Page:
Initial contacts created the leadership of the plasma project- not necessarily composed of immunologists. A National COVID-19 Plasma Project website was built by Amazon in March. In March 2020, things were moving fast as Michael Bloomberg and Maryland governor Larry Hogan allocated money to the project. On March 27, the first patient was treated with plasma therapy. The FDA exteded ab Extended Access Protocol and contracts with the Mayo Clinic to allow access to these therapies.
Dr Casadevall noticed that there was an imminent science crisis- the literature contains papers suggesting that antibodies can enhance symptoms. He looked at the literature and noted that the dangers were overblown, most therapies were successful. He turned to the wisdom of antiquity, but got conflicting messages: "fortune favors the bold" but "boldness is the beginning of action but fortune determines the end".
The first plasma therapy for COVID-19 took place at Houston Methodist Hospital. Thousands of COVID-19 patients were treated in the US, most occurring outside randomized clinical societies. Members of New York's Orthodox Jewish communities, hit hard and early by the outbreak, were mobilized to donate plasma. Is antibody therapy safe? It's as safe as typical plasma therapies. Most of the plasma in hospitals is used for bleeding problems. Safety in therapeutic use clears the way for other therapies, including vaccines. Is antibody therapy working?
There are many encouraging reports of good patient outcomes. In an Extended Access Protocol Data Analysis, 35,000 patients were analyzed. One study showed that, if plasma is given in first three days, mortality is 27% lower than if given after day for. The dose must be specific to SARS-Cov-2, and the dose must be sufficient. Increasing numbers of anecdotal case reports show efficacy of antibody treatment in immunocompromised individuals.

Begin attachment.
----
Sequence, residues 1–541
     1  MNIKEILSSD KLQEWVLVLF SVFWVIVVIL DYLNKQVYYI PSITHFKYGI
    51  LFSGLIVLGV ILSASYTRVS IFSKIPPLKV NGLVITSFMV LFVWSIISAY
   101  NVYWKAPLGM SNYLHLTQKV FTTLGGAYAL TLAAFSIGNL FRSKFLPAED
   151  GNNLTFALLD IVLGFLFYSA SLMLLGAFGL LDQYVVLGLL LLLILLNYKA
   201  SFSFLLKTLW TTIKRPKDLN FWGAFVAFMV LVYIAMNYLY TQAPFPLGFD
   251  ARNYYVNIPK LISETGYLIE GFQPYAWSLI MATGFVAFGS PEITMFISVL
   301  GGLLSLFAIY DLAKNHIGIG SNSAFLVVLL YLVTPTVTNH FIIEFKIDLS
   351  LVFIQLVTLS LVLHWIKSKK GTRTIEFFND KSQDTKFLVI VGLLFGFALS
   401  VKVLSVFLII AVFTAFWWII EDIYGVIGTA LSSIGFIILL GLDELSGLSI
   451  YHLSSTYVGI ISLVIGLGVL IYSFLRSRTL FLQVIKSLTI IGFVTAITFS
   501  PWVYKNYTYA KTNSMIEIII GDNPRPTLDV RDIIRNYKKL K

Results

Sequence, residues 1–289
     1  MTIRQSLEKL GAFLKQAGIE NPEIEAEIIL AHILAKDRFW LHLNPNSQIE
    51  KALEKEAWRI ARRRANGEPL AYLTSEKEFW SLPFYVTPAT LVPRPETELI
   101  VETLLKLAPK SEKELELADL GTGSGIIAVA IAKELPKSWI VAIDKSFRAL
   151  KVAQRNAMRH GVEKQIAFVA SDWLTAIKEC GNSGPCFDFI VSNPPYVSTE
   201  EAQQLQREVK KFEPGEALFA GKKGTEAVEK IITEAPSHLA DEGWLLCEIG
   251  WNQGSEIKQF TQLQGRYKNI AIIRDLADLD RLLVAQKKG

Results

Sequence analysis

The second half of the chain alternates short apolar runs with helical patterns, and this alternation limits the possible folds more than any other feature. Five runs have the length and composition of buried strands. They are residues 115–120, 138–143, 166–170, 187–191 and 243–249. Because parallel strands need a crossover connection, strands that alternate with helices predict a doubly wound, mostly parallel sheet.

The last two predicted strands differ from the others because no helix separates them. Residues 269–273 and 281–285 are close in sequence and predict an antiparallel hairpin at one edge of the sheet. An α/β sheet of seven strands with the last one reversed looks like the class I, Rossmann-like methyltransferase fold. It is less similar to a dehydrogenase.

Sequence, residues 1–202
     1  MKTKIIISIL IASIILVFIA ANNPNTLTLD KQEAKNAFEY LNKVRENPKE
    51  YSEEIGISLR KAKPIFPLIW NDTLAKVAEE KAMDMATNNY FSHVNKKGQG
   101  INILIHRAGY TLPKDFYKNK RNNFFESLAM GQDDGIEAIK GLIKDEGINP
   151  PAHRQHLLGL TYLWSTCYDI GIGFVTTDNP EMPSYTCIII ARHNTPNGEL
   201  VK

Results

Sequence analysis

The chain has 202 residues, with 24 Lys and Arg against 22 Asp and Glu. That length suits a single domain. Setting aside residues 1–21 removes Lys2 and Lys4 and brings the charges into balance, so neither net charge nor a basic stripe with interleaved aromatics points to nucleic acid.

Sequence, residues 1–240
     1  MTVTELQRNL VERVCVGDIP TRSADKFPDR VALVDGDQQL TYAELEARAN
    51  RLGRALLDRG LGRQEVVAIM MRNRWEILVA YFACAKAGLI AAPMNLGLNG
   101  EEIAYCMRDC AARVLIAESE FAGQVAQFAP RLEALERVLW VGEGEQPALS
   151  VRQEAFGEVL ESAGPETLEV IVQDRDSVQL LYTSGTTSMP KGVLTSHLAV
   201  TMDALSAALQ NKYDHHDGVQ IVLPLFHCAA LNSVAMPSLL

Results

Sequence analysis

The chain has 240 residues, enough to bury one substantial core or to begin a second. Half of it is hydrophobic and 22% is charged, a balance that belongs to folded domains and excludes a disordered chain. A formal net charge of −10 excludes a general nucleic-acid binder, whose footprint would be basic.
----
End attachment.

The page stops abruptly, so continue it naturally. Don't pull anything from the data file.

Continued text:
Dr Casadevall noted that there are strong precedents for efficacy based on historical use. This is strong theoretical support for efficacy based on knowledge of antibody action, and there are encouraging signs from clinical trials. He told us that his opinion has become more optimistic over past few months. He drew our attention to studies of prophylaxsis protocol- typically giving plasma to family members of patients. Early administration enhances immune response, late administration can help lower viraal loads. Antibodies made during early and late convalescence are different, but they tend to lower viral load, inflammation, and respiratory effort. There are issues- poverty is a factor in receiving therapies. Controversies make the job harder but he focuses on the science. The FDA, though cautious, was ready to go ahead with plasma therapy by June. He is avoiding political statements, but has nothing but good things to say about the government scientists.
He concluded with a recap of his observations throughout the COVID-19 outbreak, hitting on the following points: Convalescent plasma is available throughout the US, plasma use in the USA is under Emergency Use Authorization, plasma supplies are plentiful as a result of recruitment campaigns, deployment of plasma is driven by physicians and scientists- this is not a money making endeavor. There are no pharmaceutical sponsors- this involves local generated therapy. All plasma units are different, defining useful units is difficult. There is a great advantage to antibody therapy- it is low tech, easily deployable, and inexpensive. Antibody therapy will continue to be used against COVID-19 and for future epidemics. The current challenge is to figure out how to use it effectively for future knowledge. Our plasma experience established the safety of antibody therapies, cleared the way to mAbs, gamma globulins, and vaccines. Currently antibody therapy remains the only therapy for COVID0-19, but is a stopgap until better treatments, such as a vaccine, are available.